ß x N x S x Z/N = ß x Z x S

 

This assumes that ß always results in the elimination of either the Zombie or the Susceptible.

Achieving Equilibrium

Equilibrium is when all forces are in balance and the rates continue at a constant pace. There’s two kinds of equilibrium environment:

  1. Stable: when the system is moved (i.e. a factor is changed temporarily or the environment changes), equilibrium restores itself at roughly the same place
  2. Unstable: when the system is moved, equilibrium completely collapses

The only stable equilibrium achievable in a zombie apocalypse is the removal of all Susceptibles. In other words, humans die and zombies inherit the earth. Quarantine is just delaying the inevitable because the moment it fails – and many many media have proven that it will – the environment becomes unstable.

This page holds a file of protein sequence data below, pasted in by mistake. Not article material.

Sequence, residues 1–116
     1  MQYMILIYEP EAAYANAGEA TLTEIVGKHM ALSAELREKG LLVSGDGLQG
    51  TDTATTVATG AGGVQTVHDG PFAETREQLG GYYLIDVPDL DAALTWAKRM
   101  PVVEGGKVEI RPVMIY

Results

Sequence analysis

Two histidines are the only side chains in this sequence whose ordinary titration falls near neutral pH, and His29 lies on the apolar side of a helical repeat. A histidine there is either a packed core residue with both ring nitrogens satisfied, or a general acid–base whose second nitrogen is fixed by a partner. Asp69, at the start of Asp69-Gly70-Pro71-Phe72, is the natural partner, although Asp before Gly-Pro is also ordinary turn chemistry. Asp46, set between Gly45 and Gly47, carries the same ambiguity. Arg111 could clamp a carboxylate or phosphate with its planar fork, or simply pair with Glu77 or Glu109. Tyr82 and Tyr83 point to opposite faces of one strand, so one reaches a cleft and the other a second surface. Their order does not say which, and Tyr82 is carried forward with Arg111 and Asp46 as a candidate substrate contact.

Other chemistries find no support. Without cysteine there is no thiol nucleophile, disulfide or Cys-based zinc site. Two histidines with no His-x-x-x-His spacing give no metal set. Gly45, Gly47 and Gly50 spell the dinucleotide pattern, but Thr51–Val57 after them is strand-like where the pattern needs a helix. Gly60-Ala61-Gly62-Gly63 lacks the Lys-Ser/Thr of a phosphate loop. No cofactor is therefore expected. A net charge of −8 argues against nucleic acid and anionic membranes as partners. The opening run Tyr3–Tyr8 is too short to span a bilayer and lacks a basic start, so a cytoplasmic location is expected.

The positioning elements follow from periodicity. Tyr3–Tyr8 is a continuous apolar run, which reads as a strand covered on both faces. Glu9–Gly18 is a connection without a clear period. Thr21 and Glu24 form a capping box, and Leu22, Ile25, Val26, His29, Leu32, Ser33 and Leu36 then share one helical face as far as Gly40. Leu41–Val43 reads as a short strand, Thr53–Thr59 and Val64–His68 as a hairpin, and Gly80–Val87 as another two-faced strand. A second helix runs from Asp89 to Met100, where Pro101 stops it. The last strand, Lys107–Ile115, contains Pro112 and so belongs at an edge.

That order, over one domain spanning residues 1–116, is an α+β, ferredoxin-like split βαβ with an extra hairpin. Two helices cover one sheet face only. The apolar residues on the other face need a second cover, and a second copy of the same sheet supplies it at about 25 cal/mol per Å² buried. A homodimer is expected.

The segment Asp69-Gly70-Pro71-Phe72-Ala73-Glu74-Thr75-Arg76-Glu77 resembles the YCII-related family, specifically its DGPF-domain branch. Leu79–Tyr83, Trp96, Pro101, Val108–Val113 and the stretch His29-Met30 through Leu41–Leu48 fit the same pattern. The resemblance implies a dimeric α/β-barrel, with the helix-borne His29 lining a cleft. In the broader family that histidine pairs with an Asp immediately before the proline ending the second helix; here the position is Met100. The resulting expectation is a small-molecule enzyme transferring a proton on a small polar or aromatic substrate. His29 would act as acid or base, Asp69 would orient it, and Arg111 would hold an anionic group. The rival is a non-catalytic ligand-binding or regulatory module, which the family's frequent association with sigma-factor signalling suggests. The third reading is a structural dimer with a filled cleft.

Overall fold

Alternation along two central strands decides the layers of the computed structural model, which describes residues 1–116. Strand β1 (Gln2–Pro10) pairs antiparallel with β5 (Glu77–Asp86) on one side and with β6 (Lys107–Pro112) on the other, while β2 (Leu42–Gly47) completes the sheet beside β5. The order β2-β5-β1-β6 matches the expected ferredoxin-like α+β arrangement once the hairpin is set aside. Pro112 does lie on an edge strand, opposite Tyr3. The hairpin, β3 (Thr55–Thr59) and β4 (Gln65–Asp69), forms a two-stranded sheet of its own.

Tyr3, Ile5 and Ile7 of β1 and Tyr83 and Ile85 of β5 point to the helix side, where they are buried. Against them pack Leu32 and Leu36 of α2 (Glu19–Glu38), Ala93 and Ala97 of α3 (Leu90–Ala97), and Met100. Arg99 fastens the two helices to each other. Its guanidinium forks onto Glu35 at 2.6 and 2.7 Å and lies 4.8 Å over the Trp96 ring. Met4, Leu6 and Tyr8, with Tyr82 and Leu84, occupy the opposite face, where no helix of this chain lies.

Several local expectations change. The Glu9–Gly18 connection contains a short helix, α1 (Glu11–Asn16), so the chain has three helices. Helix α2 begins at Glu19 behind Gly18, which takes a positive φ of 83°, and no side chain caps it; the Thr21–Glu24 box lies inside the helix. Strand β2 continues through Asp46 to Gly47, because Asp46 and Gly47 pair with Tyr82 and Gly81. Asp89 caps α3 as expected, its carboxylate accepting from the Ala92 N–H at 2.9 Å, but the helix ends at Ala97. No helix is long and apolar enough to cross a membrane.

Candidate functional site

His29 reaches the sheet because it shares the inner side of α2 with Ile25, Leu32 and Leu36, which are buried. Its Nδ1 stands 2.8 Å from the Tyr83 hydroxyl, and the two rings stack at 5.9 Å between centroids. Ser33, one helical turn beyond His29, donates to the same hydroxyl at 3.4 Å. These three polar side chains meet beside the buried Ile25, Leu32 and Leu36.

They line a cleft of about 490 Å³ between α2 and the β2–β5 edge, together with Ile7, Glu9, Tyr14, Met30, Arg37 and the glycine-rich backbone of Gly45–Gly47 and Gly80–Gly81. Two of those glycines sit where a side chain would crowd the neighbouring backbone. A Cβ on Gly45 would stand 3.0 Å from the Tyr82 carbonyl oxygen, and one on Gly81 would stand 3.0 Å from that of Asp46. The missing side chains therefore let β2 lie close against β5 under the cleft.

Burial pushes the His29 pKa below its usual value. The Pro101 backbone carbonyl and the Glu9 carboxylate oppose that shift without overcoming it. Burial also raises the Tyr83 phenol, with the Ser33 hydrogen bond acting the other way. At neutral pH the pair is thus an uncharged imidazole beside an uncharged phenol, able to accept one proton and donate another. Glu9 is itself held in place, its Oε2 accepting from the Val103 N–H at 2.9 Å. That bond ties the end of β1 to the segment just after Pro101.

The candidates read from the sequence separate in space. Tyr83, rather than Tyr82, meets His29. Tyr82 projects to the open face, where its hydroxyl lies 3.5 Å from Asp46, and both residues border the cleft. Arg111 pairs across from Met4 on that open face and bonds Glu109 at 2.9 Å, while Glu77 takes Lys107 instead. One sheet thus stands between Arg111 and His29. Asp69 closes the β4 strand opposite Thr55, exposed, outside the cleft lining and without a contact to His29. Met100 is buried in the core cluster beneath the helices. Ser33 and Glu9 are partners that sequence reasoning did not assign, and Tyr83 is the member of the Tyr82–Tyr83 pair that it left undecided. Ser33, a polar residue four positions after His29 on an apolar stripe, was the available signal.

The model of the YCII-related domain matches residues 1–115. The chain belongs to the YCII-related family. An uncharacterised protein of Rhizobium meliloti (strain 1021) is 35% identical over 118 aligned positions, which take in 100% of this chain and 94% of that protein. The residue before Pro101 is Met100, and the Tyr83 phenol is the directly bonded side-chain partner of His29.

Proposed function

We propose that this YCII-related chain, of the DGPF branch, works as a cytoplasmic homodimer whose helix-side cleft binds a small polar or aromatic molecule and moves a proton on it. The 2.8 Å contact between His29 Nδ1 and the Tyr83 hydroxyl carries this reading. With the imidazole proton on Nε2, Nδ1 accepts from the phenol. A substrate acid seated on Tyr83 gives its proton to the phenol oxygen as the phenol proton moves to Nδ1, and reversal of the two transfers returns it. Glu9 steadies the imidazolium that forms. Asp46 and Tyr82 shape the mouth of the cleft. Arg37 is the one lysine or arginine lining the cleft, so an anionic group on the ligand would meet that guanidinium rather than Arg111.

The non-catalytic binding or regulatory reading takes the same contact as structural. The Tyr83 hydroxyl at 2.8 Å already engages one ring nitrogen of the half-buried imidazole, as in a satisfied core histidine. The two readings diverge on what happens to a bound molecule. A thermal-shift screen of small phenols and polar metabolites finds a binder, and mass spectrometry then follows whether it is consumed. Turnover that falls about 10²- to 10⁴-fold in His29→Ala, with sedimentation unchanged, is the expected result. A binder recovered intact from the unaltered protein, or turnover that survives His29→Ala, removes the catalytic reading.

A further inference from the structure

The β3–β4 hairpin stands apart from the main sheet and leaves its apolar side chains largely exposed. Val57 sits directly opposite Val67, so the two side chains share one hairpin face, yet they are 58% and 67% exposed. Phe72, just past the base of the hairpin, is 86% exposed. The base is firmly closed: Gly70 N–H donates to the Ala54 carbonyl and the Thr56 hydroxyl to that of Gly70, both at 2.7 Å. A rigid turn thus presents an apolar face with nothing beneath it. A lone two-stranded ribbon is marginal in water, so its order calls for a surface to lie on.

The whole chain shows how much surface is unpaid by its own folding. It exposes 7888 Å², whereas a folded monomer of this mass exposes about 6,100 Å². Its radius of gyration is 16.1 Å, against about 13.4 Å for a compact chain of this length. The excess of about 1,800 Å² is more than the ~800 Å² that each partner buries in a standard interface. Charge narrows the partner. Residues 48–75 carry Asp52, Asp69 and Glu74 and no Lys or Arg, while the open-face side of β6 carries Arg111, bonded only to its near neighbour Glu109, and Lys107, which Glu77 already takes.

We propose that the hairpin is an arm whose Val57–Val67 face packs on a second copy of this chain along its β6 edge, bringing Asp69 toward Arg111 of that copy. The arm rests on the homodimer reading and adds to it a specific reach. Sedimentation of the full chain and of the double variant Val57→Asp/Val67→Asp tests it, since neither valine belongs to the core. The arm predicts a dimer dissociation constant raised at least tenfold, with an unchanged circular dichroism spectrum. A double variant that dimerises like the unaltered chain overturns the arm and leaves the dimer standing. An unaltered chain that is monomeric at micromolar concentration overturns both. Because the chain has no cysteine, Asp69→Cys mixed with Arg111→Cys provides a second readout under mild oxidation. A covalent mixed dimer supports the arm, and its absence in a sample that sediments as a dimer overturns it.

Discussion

What about regular zombie culls that become increasingly effective with experience? Well, there’s maths for that too. The trouble is that the rate of infection gets the zombie population back up to the same or a higher level between each cull, so again you’re just delaying the inevitable.

culls

Thank you, Dr. Crossman, for this graph of hopelessness

As Crossman said, if Rick Grimes can’t take out all the zombies in one cull he’s just wasting everyone’s time.

So there you have it, folks – when the zombie apocalypse happens, there’s only one possible way for the human race to survive, and that’s to have babies faster than zombies.

Next week: the principles of designing spaceships

Nine Worlds: The City in SFF

Standard

Panellists discuss the architecture of SFF – how cities are represented and how they can flavour a story. The discussion will range from the dystopian feel of cyberpunk urban jungle to the various flavours of fantasy as well as examining how real world cities are seen in fiction.
Panellists: Amy Butt, Jared Shurin, Al Robertson, Verity Holloway